“The sky is clearing and the night has gone out.
The sun, he come, the world is all full of light.
Rejoice, rejoice, we have no choice but to carry on.
“The fortunes of fables are able to sing the song.
Now witness the quickness with which we get along.
To sing the blues you’ve got to live the tunes and carry on.”
9/4/12: No news yet but the last post was such a downer, I think an interim update is in order. Michael and I had a roller coaster of a weekend with thoughts and emotions all over the place.
Then I did what I do. I searched the web, I read, I analyzed, I sought a logical sequence of events, a cause and effect, a path from there to here and from here forward. Of course all the conjectures will remain conjectures, never provable, never certain. But the mathematical part of my brain must still do this, futile as it may be, before it will rest and yield to the pragmatist I am at heart.
Then I did what I do. I thought of the potential test results – best, worst or in between – and devised a plan. So no matter what, I will carry on because that is what I do. No matter if the plan changes along the way – of course it will! But I am more at ease that I won’t feel pressured into a hasty decision in the process. I’ve thought things through ahead of time. This makes me calm and ready to face anything.
I saw my hematologist and did blood work this morning. My PET scan is tomorrow afternoon, and I’ll probably get the results Thursday afternoon or Friday morning when I see my ENT again. I have a consultation with an otolaryngologist (I learned a new word) at the Johns Hopkins Head and Neck Cancer Clinic on Friday afternoon. Depending on the outcome of the Hopkins consult, I may reschedule the endoscopy. I’ll keep you all posted.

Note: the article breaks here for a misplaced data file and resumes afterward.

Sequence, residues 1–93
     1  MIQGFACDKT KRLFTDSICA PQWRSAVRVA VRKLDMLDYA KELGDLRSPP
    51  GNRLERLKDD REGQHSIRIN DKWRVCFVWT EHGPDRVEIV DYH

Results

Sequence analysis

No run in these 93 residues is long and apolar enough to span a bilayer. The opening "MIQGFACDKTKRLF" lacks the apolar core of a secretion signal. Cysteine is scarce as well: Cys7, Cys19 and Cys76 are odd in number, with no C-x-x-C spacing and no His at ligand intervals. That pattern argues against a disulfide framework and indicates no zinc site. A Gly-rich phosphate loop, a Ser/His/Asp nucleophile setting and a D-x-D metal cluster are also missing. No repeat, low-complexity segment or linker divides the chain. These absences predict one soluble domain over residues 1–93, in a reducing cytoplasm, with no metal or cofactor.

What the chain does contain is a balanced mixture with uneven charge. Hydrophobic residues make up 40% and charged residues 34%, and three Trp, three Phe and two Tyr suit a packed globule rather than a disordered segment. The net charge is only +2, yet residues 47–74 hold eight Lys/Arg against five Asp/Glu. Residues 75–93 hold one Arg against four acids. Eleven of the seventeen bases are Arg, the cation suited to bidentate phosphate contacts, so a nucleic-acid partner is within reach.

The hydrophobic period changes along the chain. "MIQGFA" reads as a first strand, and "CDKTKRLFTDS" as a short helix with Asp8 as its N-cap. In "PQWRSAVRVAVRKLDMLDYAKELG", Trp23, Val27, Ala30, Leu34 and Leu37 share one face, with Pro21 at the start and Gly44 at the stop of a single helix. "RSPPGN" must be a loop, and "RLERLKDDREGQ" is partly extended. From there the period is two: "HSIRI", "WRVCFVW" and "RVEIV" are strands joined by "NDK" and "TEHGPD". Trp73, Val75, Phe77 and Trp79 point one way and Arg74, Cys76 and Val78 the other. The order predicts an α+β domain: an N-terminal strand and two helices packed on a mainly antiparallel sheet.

“Ooh, I love to dance a little side step.” ***
For those who have asked if this cancer is related to the MDS, the answer is “not really maybe indirectly sort of.” Squamous cell cancer (SCC) is probably best known as a type of skin cancer but is also the most common type of head and neck cancer and can occur anywhere there are epithelial cells (lungs, esophagus, bladder, sex organs, etc.). It’s completely distinct from the blood cancer. However, statistically, there is a higher incidence of SCC among those with autoimmune disorders, those who are immune compromised, or those who’ve had a transplant of any sort. There are theories and studies regarding reasons and correlations (such as chronic GvHD, chemotherapy, immunosuppressants) but apparently nothing definitive. At least one study suggests that patients with AML/MDS harbor a constitutional tendency towards the development of SCC. I am also at higher risk for head and neck cancer because I used to smoke and because my grandmother had head and neck cancer (although I don’t know if hers was SCC).
***Bonus tagline. Michael and I had a good laugh tonight watching the film clip that goes with this song. Extra credit if you name the film and actor.
P.S. HAPPY BIRTHDAY, MARY LOU!
September 4, 2012
WBC: 11.7 (norm 3.0-11.2)
Granulocytes (~ANC): 6.4 (norm 1.4-9.0)
Platelets: 259 (norm 130-382)
RBC: 4.80 (norm 3.90-4.90)
HGB (hemoglobin): 16.0 (norm 11.5-14.3)
HCT (hematocrit): 48.1 (norm 34.2-42.2)
Bilirubin: 0.8 (norm 0.0-1.2)
Alkaline phosphatase, S: 115 (norm 25-150)
AST: 25 (normal 0-40)
ALT: 22 (normal 0-40)